Date of Award

Spring 3-30-1999

Document Type

Thesis

Degree Name

Master of Science (MS)

Department

School of Renewable Natural Resources

First Advisor

Johnson, Mark K.

Second Advisor

Chabreck, Robert H.

Third Advisor

Afton, Alan

Abstract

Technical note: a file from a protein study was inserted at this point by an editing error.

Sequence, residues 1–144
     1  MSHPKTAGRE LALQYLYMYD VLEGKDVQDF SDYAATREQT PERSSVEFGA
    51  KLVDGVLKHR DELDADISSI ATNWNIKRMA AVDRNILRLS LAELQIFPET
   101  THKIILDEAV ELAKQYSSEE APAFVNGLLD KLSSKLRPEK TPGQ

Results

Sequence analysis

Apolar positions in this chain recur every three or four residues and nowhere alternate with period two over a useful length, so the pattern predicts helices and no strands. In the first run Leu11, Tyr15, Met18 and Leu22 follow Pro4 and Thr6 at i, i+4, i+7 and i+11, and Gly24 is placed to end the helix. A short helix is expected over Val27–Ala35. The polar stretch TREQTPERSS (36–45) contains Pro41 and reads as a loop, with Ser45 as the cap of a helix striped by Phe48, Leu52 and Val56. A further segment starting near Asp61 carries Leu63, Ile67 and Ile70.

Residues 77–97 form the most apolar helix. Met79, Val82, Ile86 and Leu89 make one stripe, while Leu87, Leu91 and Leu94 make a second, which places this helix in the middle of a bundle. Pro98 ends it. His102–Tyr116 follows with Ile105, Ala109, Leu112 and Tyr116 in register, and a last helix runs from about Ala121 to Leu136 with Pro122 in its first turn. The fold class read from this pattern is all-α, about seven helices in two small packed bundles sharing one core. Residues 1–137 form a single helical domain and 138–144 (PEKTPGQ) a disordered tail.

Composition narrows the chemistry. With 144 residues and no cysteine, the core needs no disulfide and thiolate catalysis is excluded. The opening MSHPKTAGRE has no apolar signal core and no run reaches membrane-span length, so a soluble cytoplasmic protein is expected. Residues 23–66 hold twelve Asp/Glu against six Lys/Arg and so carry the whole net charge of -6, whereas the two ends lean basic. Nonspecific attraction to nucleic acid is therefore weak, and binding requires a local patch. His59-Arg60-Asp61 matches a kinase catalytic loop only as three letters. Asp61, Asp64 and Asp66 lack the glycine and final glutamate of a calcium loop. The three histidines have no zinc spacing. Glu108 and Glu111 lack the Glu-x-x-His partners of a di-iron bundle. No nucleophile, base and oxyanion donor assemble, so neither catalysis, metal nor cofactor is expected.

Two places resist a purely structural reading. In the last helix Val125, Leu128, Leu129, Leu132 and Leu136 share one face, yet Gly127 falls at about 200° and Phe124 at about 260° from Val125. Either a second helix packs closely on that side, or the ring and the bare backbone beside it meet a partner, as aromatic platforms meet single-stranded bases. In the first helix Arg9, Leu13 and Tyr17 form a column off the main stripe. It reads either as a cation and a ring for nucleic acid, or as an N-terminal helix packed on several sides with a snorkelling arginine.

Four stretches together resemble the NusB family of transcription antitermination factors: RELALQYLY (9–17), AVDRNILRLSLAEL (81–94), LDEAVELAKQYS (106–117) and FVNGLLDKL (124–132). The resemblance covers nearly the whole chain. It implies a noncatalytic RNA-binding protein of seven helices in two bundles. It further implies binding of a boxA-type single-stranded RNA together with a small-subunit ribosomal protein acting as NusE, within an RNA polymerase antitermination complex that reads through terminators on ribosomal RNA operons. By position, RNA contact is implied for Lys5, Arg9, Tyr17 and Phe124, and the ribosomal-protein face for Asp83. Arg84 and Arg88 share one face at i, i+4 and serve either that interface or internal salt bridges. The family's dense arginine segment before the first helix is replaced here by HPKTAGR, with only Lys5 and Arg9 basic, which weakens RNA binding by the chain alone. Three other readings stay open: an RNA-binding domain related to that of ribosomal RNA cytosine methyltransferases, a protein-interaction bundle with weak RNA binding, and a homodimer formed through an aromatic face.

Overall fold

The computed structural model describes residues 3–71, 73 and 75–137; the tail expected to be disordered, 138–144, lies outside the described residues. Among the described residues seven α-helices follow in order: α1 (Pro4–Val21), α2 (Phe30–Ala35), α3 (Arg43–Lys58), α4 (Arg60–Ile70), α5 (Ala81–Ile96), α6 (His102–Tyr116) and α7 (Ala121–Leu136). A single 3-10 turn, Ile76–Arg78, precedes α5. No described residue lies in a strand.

I used microhistological analysis of fecal pellets to estimate and compare seasonal diet compositions between free-ranging, southern and translocated. northern woodland white-tailed deer (Odocoileus virginianus) on Golden Ranch Hunting Farm, Gheens, Louisiana,. over four consecutive seasons, from January 1997 through January 1998. I analyzed pellet groups with Near Infrared Reflectance Spectroscopy (NIRS) and wet chemistry techniques to evaluate and compare crude protein levels between populations of deer and provide indices of diet quality. On average, native and translocated deer diets were 87.65% similar during the entire study, and were significantly associated during all seasons ( P < 0.0000 I ). suggesting that deer fed on similar plant species in like quantities throughout the year. Few differences were found in plant selection frequencies per fecal sample. hut significant differences were detected (P 0.00 l) among deer populations in the use of Berchemia scandens and Vitis rotundifolia during spring. Northern deer also ingested a greater diversity of plants (P < 0.05) during spring and winter; and fecal crude protein levels were similar (P > 0.05) in all seasons except winter, when there was more (P < 0.05) protein in southern deer diets. Overall. diet compositions. plant diversity. and diet quality of southern and northern deer populations were similar, suggesting that translocated deer select diets comparable to those of native animals.

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